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Land's Edge  : A Coastal Memoir - Tim Winton

Land's Edge

A Coastal Memoir


Published: 22nd November 2010
Ships: 5 to 9 business days
5 to 9 business days
RRP $29.95

'In this record of a life-long love affair with the sea, Tim Winton's prose ripples, shimmers and surges with awe and respect for how the ocean has not only sustained him physically and emotionally but determined the very rhythms of his life.'


On childhood holidays to the beach the sun and surf kept Tim Winton outside in the mornings, in the water; the wind would drive him indoors in the afternoons, to books and reading. This ebb and flow of the day became a way of life.

In this beautifully delicate memoir, Tim Winton writes about his obsession with what happens where the water meets the shore – about diving, dunes, beachcombing – and the sense of being on the precarious, wondrous edge of things that haunts his novels.

Complemented by the breathtaking photographs of Narelle Autio, Land's Edge is a celebration of the coastal life and those who surrender themselves to it.

Winton's homage to the ocean and his childhood... A book to return to again and again.' Matt Condon, Sun Herald

'A love letter to the beach, an enchanting celebration of life on the edge.' Sydney Morning Herald

About The Author

Tim Winton has published twenty-one books for adults and children, and his work has been translated into twenty-five languages. Since his first novel, An Open Swimmer, won the Australian/Vogel Award in 1981, he has won the Miles Franklin Award four times (for Shallows, Cloudstreet, Dirt Music and Breath) and twice been shortlisted for the Booker Prize (for The Riders and Dirt Music). He lives in Western Australia


On a low tide Monday afternoon just short of my thirty-third birthday the winter sun finally comes out to burn the sky clear of cloud and the kids and I gallop onto the beach to play. An easterly wind spikes out across the broad lagoon flattening the sea and running rashes across it in cold gusts. Under the sun the water shows its mottling of deeps and shal lows, black and turquoise, reef and sand, dark and light, its coming and its going. The blunted swell butts against the barrier reef in feeble lines that lie down before the wind. Way out, the horizon looks like a ripsaw. At first glimpse of the Indian Ocean I stop running and feel the relief unwinding in my chest, in my neck and shoulders. Dinghies twist against their moorings. Gulls scatter before the blur of my insane kelpie. Two days off the plane, I am finally home.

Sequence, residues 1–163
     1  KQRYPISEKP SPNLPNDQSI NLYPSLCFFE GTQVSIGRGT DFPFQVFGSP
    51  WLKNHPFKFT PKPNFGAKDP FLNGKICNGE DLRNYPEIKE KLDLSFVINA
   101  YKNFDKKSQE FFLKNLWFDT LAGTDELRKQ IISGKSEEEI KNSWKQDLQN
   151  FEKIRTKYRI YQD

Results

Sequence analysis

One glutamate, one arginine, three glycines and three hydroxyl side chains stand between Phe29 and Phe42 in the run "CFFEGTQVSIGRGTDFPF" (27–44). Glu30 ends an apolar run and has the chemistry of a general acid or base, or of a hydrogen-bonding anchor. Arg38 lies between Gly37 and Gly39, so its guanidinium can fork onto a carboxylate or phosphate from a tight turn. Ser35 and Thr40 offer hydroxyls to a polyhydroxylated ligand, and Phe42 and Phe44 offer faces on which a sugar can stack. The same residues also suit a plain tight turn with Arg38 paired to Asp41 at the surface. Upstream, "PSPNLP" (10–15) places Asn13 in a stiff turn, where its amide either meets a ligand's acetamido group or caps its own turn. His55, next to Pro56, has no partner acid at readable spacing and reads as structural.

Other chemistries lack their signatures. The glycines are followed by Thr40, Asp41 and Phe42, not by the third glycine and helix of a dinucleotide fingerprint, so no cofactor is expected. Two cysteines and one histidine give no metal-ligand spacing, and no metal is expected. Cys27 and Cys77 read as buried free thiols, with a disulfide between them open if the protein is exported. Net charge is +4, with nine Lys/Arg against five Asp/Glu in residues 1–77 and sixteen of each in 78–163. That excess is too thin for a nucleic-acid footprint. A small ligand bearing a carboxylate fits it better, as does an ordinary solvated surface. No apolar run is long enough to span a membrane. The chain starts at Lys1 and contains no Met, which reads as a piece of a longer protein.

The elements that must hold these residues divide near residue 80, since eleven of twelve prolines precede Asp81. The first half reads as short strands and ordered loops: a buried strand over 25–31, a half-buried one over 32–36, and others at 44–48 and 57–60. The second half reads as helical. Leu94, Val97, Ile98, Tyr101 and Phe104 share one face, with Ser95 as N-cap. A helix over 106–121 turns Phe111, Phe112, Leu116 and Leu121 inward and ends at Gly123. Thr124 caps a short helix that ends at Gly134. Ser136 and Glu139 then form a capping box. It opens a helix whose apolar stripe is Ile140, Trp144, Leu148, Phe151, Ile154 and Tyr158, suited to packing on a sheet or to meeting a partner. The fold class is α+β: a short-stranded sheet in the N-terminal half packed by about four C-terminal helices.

The sand is cold beneath our bare feet and the dunes damp and spicy with marram grass and salt bush. We wheel down the wind hollows between the dunes, yelling and fooling about, shaking off the confines of the house, the stalemates and frustra tions of winter indoors. The sun slants finely on our necks, barely felt, lighting the hard white beach to squinting point, to the momentary point of summer.

Down at the low-water mark, at the scalloped edges of the shore, the water is gigglingly cold. Clouds rise around our feet. The four of us hold hands and bend like a sail, raucous in the east wind, laughing with shock.

The kids fall to digging and damming and sculpting. They wet the knees of their trousers. They sniff back the gunk of their head colds and go quiet with concentration over moats and walls while I stand there in the water with my feet going numb and my mind drifting in a kind of fugue state that only comes to me here.

There is no one else around. I flinch at the sound of a school of whitebait cracking the sur face a few metres away. It's alive out there. After the still, exhausted Aegean, where nothing moves but the plastic bags, it seems like a miracle. Call it jet lag, cabin fever, but I am almost in tears. There is nowhere else I'd rather be, nothing else I would prefer to be doing. I am at the beach looking west with the continent behind me as the sun tracks down to the sea. I have my bearings.

Like most Australians I have spent much of my life in the suburbs. I was raised in the Perth sub urb of Karrinyup. A quarter acre, a terracotta roof, a facade knocked out by some bored government architect, a Hills Hoist in the back yard and picket fences between us and the neighbours. It was the sixties and the street was full of young families, State Housing applicants, migrants from Holland and Yugoslavia and the English north - foot sol diers of the great sprawl trying to make our way in the raw diagram of streets we slowly filled to make a new neighbourhood. I lived there happily for twelve years but I do not dream of that house.